Further sporting career as a professional player and last years

Record Grand Slam winners in women's singles
rank Tennis player title
1. AustraliaAustralia Margaret Court 24
2. United StatesUnited States Serena Williams 23
3. GermanyGermany Steffi Graf 22nd
4th United StatesUnited States Helen Wills Moody 19th
5. United StatesUnited States Chris Evert 18th
CzechoslovakiaCzechoslovakia/ Martina NavratilovaUnited StatesUnited States 
7th FranceFrance Suzanne Lenglen 12
United StatesUnited States Billie Jean King
As of January 28, 2017

Lenglen was the first major female tennis star to switch to the pros. For a series of exhibition fights in the USA against Mary K. Browne, winner of the US Open from 1912 to 1914, the Frenchwoman received the sum of 75,000 US dollars, which was sensational at the time. Her American opponent was 35 years old and a finalist in the French Open, where she lost 6-1 and 6-0 to Lenglen.

For the first time in the history of tennis, a women's match dominated the headlines. When they first met in New York, the Frenchwoman played so brilliantly that the reporter for the New York Times spoke of one of the best games that had ever taken place on an American court. When the series of exhibition fights ended in February 1927, Lenglen had won all 38 games against Browne. The French woman was exhausted and received medical advice to keep away from tennis for a long time in order to recover.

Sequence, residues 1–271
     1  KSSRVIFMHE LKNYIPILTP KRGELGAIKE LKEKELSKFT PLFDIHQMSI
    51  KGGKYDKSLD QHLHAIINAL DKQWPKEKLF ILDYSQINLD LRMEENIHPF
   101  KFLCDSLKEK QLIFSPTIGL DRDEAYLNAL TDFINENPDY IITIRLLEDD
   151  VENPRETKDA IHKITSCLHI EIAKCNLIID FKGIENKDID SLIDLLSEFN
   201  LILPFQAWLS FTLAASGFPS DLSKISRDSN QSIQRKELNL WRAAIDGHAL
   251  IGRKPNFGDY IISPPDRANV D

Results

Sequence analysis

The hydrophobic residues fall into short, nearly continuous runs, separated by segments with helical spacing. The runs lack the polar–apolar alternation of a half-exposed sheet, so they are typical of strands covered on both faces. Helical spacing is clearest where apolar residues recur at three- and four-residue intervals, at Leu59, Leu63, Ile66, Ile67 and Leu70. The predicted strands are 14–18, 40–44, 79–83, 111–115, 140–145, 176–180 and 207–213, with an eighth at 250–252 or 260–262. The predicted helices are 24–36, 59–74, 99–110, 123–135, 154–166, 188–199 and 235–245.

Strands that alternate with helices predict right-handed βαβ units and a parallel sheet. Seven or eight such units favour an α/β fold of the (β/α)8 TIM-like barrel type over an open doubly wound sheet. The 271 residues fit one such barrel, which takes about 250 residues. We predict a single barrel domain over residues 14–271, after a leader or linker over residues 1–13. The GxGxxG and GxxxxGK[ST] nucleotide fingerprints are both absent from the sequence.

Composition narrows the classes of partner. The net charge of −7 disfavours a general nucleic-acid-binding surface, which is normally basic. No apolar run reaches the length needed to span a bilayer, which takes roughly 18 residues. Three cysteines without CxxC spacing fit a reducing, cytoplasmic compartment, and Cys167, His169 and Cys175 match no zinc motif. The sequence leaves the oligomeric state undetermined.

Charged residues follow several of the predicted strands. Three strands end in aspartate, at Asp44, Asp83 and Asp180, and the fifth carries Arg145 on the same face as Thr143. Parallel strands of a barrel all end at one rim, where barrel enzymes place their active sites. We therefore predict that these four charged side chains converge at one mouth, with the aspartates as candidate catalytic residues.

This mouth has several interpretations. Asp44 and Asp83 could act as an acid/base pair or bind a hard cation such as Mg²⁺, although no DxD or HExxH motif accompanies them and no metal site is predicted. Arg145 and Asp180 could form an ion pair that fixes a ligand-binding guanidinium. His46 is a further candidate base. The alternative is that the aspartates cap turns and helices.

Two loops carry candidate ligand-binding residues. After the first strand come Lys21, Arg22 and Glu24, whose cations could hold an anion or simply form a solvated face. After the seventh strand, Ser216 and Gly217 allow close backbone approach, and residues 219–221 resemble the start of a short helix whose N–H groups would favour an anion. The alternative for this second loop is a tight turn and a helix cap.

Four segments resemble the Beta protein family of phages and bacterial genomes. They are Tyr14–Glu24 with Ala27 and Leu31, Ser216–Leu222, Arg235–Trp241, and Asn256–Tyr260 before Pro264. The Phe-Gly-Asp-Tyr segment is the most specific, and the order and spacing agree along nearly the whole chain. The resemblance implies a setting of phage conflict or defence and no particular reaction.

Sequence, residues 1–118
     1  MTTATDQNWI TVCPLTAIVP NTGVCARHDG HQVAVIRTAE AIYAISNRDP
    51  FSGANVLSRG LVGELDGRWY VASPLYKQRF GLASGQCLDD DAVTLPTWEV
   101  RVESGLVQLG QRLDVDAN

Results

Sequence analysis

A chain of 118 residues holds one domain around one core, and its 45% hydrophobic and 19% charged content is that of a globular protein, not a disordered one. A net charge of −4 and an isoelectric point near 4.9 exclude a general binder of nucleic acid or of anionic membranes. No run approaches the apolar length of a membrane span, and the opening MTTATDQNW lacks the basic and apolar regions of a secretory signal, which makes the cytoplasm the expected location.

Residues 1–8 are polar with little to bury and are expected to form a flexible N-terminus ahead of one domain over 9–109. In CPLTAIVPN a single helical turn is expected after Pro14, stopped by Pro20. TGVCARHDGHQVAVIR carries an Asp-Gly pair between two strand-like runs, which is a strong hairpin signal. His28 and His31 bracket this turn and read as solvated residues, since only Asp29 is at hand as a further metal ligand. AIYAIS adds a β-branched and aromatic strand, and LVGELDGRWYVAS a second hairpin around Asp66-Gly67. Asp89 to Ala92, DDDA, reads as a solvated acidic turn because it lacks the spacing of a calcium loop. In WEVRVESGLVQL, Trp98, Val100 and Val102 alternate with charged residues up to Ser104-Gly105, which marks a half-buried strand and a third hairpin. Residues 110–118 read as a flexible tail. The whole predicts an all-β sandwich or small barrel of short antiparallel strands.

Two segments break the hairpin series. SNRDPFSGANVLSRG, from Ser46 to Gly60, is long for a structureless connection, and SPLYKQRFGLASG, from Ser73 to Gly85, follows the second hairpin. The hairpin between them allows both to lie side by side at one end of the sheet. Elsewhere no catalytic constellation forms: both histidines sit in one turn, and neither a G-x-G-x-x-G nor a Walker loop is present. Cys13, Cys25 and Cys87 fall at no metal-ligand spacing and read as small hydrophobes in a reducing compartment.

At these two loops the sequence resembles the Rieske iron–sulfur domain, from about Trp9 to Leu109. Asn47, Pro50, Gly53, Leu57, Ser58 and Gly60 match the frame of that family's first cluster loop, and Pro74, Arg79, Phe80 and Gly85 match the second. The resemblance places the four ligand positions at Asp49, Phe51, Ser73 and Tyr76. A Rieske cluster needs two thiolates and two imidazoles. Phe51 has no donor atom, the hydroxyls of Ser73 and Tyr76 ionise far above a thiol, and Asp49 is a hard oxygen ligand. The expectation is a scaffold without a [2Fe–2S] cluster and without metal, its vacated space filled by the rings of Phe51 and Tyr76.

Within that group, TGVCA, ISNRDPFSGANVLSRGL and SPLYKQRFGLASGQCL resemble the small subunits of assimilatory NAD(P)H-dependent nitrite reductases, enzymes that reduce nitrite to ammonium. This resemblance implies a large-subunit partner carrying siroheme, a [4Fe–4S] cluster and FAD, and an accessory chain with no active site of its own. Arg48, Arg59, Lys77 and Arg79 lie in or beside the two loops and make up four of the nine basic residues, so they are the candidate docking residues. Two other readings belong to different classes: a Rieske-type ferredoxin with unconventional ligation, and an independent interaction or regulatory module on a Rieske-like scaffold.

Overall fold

Lenglen decided to withdraw completely from competitive sports and, with the help and financial support of her partner Jean Tillier, founded a tennis school in Paris - in the immediate vicinity of the Roland Garros courts, the venue for the French Open. Soon - in 1936 - the academy was transformed into the training center of the French Tennis Federation. At that time Lenglen also wrote several books about her sport. In Paris, Lenglen was responsible for sportswear for a model house.

At the beginning of July 1938, Paris daily newspapers reported Lenglen's sudden fatigue. A few days later, on July 4, 1938 at 6:30 a.m., she died of complications from pernicious anemia in her home in Paris. Lenglen was buried on July 6, 1938 on the Cimetière parisien de Saint-Ouen near Paris.

Grand Slam tournament victories in singles

  • French Open: 1920 to 1923, 1925 and 1926, a total of 6 wins
  • Wimbledon: 1919 to 1923, 1925, a total of 6 wins

Web links

Commons : Suzanne Lenglen  - collection of pictures, videos and audio files

Individual evidence

  1. Birth confirm the Mairie de Paris (Archives de Paris, registre V4E 10050, no. 668 ). The often given place of birth Compiègne is incorrect.
  2. Suzanne Lenglen World Champion . In: Vossische Zeitung , July 5, 1925, p. 12
  3. Zürcher Illustrierte: Suzanne Lenglen as a fashion artist. Retrieved November 19, 2019 .
  4. Le Journal of July 5, 1938
  5. The grave of Suzanne Lenglen